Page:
Debra Steele-Johnson (Advisor), David LaHuis (Committee Member), Nathan Bowling (Committee Member)
Master of Science (MS)
The current study examined how over- and underestimations of ability progress with increasing experience completing a task. Prior research has demonstrated inconsistent effects when investigating the relationship between self-efficacy and performance at the within-person level of analysis, often theorizing distinct effects of over- versus underestimating one's ability level. Thus, the current study investigated the discrepancy between self-efficacy, one's belief in their capability to accomplish some task, and actual performance levels. The current study replicated findings that self-efficacy converges on performance over time and extended prior research by demonstrating the rate of convergence might be affected by the size of initial discrepancy and generalized self-efficacy. Further, in a second study meant to compare self-efficacy - performance discrepancies (SPDs) and goal - performance discrepancies (GPDs), we demonstrated that reporting one's self-efficacy before each trial led to better performance than reporting goal level before each trial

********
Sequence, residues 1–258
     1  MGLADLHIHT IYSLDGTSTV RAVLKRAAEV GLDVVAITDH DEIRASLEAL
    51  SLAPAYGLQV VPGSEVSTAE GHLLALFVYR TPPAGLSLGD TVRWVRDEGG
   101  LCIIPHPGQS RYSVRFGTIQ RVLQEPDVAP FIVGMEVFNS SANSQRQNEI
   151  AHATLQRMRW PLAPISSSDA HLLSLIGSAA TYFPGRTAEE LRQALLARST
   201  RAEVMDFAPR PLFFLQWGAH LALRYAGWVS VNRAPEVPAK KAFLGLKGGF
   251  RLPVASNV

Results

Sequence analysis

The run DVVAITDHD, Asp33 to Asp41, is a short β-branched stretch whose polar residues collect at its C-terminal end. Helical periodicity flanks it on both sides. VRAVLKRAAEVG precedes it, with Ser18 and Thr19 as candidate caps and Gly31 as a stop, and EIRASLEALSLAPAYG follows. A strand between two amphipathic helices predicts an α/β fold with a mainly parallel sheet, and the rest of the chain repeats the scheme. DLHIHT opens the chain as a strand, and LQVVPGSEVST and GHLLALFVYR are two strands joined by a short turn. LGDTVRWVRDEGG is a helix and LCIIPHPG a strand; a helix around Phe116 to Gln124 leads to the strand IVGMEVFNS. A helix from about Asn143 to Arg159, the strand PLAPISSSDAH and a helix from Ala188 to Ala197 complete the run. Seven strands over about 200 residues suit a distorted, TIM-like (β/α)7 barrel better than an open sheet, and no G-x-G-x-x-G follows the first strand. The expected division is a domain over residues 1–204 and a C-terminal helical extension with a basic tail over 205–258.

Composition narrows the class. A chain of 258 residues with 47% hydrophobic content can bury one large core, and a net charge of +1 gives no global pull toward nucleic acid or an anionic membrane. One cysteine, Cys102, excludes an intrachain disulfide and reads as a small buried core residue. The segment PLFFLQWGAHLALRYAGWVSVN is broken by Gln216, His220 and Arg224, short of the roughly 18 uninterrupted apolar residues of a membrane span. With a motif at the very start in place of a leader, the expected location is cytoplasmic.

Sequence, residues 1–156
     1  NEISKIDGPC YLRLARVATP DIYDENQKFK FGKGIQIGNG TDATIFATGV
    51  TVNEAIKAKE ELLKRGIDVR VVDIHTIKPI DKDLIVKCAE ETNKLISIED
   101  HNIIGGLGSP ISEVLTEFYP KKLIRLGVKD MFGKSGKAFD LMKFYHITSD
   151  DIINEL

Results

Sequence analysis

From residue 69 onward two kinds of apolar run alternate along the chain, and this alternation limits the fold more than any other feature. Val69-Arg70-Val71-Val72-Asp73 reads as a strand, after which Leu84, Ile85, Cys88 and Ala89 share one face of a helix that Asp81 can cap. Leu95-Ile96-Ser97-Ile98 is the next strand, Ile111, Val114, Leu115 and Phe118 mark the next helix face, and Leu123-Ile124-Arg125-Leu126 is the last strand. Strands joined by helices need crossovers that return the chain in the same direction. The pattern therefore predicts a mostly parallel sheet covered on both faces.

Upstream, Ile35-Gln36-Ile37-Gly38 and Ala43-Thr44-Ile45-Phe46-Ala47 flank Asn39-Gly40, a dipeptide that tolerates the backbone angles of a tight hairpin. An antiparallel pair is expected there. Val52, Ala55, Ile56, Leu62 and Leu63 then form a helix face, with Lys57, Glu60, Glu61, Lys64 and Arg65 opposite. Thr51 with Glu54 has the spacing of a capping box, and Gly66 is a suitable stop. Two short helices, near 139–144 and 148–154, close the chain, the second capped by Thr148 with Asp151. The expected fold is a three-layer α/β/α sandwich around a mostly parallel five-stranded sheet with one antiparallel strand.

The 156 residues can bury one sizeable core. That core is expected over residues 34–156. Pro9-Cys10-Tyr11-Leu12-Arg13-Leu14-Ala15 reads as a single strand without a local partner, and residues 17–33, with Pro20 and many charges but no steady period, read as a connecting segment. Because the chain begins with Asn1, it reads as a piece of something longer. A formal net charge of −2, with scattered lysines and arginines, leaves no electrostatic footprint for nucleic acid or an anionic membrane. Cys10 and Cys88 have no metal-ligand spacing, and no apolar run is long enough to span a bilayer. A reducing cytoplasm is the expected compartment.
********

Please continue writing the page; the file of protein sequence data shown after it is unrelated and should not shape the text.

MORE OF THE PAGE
Department or Program
Department of Psychology
Year Degree Awarded
Copyright 2018, all rights reserved. My ETD will be available under the "Fair Use" terms of copyright law.